Jesus came to seek and save the lost (Luke 19:10) and in doing so became the greatest servant...to God and to others. This was exemplified during His life even with the words He spoke while on the cross. A servant's mentality is one of seeking out the needs of others and doing what he can do to meet those needs.

Scripture records seven statements of Jesus on the cross. Looking at the order of these, we gain further insight about His character. The first statement is in Luke 23:34, where Jesus asks God to forgive those who persecuted Him. As He hung on the cross, Jesus was focused on others, showing a love and concern for them. The second statement is in Luke 23:43, where Jesus told the thief that he would be with Him in paradise that very day. Again, a love and concern for this person. The third statement is in John 19:26-27, where Jesus addresses His mother. He made provisions for her to be taken care of by John. Jesus wasn't so preoccupied with His own suffering and death that He neglected the needs of His mother. In the fifth statement, Jesus said 'I am thirsty' (John 19:28). The humanity of Jesus is evident here and throughout the New Testament, having traits that we have (hunger, fatigue, sorrow, etc). Now, He makes a personal request.

In looking at these words, we gain insight into Jesus' priorities. Serving God and being fully obedient to His word took precedence in His life. God must be our main priority (Matthew 6:33), not family, friends or the world. Second, He was concerned with others. Even in the face of death and horrific pain, He expressed a concern for others. We should be concerned about our brethren, the sick, the shut in and those who are struggling spiritually and do what we can to help.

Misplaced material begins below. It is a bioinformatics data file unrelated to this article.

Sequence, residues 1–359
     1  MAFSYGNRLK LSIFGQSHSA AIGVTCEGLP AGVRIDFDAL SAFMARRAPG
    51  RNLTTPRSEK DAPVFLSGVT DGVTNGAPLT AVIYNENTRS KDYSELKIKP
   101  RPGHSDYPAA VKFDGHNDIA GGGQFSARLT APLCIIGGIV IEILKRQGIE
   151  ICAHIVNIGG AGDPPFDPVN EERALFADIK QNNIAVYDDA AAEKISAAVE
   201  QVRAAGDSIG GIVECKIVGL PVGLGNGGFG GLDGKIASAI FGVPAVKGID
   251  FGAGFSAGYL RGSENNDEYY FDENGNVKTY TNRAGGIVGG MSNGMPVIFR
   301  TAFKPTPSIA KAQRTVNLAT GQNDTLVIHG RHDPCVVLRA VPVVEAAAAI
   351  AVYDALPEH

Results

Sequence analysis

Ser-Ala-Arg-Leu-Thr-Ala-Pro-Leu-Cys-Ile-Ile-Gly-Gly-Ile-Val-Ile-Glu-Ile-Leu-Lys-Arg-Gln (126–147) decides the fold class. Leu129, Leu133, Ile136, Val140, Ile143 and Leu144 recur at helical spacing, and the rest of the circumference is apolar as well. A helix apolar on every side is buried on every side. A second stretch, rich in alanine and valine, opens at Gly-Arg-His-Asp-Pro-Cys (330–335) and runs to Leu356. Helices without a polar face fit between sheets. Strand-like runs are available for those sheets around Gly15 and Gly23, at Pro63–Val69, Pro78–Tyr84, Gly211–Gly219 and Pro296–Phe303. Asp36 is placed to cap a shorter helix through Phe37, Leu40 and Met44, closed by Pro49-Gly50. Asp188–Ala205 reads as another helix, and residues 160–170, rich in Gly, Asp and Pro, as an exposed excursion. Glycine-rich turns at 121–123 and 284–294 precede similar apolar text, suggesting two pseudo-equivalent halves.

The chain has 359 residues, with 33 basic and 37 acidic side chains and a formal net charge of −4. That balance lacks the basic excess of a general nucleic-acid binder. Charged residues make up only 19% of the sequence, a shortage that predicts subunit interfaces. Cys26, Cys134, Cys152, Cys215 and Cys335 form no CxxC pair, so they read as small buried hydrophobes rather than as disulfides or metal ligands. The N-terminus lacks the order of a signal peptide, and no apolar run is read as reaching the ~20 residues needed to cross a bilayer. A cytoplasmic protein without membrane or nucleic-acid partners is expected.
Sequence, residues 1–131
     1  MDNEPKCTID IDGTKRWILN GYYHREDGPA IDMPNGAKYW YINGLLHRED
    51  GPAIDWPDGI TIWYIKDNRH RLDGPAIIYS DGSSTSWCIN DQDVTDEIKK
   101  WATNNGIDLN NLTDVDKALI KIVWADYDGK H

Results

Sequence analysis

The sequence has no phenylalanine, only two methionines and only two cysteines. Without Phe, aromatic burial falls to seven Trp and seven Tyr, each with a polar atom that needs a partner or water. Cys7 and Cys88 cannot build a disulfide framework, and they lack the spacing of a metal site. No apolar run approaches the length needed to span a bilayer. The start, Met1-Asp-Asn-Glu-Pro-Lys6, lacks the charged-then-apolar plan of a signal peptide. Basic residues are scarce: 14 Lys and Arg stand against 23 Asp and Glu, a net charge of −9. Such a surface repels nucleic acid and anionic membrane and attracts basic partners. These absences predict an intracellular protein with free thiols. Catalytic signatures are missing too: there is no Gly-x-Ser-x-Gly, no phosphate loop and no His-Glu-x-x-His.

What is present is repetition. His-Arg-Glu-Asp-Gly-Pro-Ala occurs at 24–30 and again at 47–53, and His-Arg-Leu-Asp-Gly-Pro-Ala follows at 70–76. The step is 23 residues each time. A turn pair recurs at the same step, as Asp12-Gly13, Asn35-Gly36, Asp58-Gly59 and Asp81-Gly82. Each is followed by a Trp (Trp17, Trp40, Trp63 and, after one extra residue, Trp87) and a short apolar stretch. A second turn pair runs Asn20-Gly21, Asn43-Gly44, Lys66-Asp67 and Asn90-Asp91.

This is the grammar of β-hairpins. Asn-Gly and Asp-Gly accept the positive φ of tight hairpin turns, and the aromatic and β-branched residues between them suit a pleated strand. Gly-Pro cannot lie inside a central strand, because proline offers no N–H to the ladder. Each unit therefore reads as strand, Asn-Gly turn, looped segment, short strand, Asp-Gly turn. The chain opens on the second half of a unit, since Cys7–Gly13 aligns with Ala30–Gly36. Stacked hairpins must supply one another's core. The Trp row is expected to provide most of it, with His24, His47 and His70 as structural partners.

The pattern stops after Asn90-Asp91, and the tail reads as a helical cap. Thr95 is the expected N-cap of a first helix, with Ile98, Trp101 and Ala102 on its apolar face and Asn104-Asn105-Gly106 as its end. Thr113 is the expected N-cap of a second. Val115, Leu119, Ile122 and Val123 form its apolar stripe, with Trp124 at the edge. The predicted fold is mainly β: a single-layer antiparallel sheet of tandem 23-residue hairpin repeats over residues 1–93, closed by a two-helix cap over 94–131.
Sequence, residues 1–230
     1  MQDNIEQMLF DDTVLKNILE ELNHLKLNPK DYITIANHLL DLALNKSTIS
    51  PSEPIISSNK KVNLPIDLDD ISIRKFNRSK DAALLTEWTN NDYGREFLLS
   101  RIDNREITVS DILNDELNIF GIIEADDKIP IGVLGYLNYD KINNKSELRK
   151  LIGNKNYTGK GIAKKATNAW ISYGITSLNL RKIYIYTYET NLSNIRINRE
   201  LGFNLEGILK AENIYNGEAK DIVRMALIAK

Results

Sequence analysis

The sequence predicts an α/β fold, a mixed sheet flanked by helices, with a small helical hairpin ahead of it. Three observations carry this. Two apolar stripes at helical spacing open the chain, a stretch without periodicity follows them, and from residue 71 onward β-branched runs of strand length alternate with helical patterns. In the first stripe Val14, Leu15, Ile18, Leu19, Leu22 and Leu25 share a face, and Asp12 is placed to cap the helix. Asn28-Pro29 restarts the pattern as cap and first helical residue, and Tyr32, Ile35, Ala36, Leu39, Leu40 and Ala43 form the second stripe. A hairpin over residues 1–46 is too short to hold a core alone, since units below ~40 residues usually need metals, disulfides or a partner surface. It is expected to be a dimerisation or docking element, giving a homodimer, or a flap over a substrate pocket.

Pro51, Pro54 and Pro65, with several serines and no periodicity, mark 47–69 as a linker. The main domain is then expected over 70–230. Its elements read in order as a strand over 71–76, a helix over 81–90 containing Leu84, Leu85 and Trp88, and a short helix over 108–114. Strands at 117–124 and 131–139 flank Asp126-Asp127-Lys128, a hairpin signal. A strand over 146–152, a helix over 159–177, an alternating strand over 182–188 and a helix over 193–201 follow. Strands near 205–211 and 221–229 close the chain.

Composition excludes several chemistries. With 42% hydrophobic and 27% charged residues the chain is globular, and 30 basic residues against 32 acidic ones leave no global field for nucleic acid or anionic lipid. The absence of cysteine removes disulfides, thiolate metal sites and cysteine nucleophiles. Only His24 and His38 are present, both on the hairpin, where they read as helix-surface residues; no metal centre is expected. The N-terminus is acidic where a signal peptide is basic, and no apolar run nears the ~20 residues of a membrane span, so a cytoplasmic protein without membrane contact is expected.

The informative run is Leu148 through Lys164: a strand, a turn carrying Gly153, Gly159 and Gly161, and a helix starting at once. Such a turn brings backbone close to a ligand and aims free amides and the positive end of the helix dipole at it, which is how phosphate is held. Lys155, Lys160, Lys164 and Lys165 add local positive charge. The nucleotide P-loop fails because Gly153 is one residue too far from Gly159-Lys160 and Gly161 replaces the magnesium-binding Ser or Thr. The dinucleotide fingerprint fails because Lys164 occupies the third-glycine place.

Being a servant is a great honor. It involves humility, obedience, joy and loyalty. In a me-first society, we should learn that we come last. Matthew 20:16 tells us that the first will be last and the last will be first. It's not all about us. A man's pride will bring him low, but a humble spirit will obtain him honor (Proverbs 29:23).

Self is the root of many problems. Selflessness is a characteristic that Christians must develop and maintain if we are to be pleasing to God. Jesus was the greatest example of a servant, lowly and humble, giving to others all that He could.